Since we're digging up old O'Donnell quotations, it's only fair to delve into Coons' past. And when we do, we find this interesting bit of extremism: An article he wrote titled "Chris Coons: The Making of a Bearded Marxist." It details how a trip to Kenya that Coons took as a junior in college served as a "catalyst," completing his transformation from "conservative" to communist. Yet, while one could elaborate further here as well, as with O'Donnell, this misses the point. To wit: Marxism has everything to do with government, as it is about transforming it through socialist revolution into something tried and untrue, something that slays the light and visits a dark age of a thousand sorrows upon its victims. It's something that killed 100,000,000 people during the 20th century and every economy it ever touched. That is a negative extremism if ever there were one, and it should scare the heck out of every one of us.
And what is this supposedly balanced with on O'Donnell's side?
Oh, yeah, the sexual purity thing.
Of course, Coons' piece was written 25 years ago when he was 21 and will be excused by some as youthful indiscretion. But I'll make two points. First, the ability to profile properly is always necessary when choosing candidates, as the information you have at your disposal when judging them is limited and managed. A politician certainly wouldn't admit to harboring Marxist passions; thus, in keeping with the maxim "The best predictor of future behavior is past behavior," the best yardstick we have for measuring Coons is actions and pronouncements taken/made before he had a vested interest in lying about his aims. (And wouldn't we instinctively apply this when judging someone with a neo-Nazi or KKK history? Would we give David Duke the benefit of the doubt many would give Coons?) Then, when profiling, know this: People who embrace communism but then truly renounce it generally become passionate rightists. Those who remain leftists usually haven't renounced anything but honesty about their intentions.
The reason why we should fear Coons is the exact reason why leftists fear O'Donnell: In their universe, moral statements are synonymous with policy positions. If they don't like salt, fat, tobacco (paging Mayor Bloomberg) or free markets, they play Big Brother and give us a very un-free society. But traditionalist Americans are different: We don't think that every supposedly good idea should be legislated. We understand that government and its coercion aren't the only forces for controlling man's behavior; there is also something called society, with its traditions, social codes and persuasion; and something else called individual striving. We can preach sexual purity while also adhering to constitutional purity. As to this, note that while some snarky leftists have criticized O'Donnell for living in the 1800s, the men who gave us our Constitution lived in the 1700s. And the norm back then was to have traditional sexual mores. But guess what they didn't have. Marxism.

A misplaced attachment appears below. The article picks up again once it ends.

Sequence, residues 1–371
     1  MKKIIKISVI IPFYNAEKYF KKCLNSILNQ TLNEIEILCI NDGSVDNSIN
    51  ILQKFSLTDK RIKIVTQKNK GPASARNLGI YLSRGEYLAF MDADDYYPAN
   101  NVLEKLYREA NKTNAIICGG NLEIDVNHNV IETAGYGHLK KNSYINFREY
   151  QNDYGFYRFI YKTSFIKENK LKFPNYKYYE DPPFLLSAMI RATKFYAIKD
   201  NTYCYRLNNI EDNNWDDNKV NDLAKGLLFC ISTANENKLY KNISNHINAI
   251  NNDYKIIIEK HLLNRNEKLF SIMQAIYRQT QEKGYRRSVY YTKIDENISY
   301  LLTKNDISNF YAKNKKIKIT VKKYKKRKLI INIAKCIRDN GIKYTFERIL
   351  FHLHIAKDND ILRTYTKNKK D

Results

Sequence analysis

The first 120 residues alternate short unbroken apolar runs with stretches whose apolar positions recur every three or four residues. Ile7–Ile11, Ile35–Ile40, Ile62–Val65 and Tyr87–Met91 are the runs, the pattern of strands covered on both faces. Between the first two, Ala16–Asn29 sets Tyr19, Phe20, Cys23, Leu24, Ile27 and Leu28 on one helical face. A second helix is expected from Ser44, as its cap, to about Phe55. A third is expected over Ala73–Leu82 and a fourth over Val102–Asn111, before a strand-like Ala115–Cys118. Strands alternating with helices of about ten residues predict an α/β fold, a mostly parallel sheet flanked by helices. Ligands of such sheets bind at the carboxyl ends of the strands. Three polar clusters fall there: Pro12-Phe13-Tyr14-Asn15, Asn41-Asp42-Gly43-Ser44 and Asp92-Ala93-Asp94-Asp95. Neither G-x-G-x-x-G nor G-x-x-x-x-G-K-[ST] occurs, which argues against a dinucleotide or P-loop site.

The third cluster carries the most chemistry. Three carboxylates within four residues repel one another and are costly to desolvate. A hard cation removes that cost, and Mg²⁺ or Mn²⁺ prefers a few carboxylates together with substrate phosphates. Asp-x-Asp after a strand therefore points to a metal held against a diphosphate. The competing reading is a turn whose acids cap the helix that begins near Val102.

Speaking of which, that great adherent of Marx, V.I. Lenin, once said, "The way to crush the bourgeoisie is to grind them between the millstones of taxation and inflation." Given that we have a government poised to do just this — with steep tax increases and rapid money-printing that will cause inflation — should we really be concerned about a candidate's views on sexual propriety? Or should we be more concerned about a candidate who may be harboring Marxist passions?
So all the libertines amongst us should know that Christine O'Donnell will not take their sex toys away. But Chris Coons may want to take all their toys away. To vote for him is to play with fire.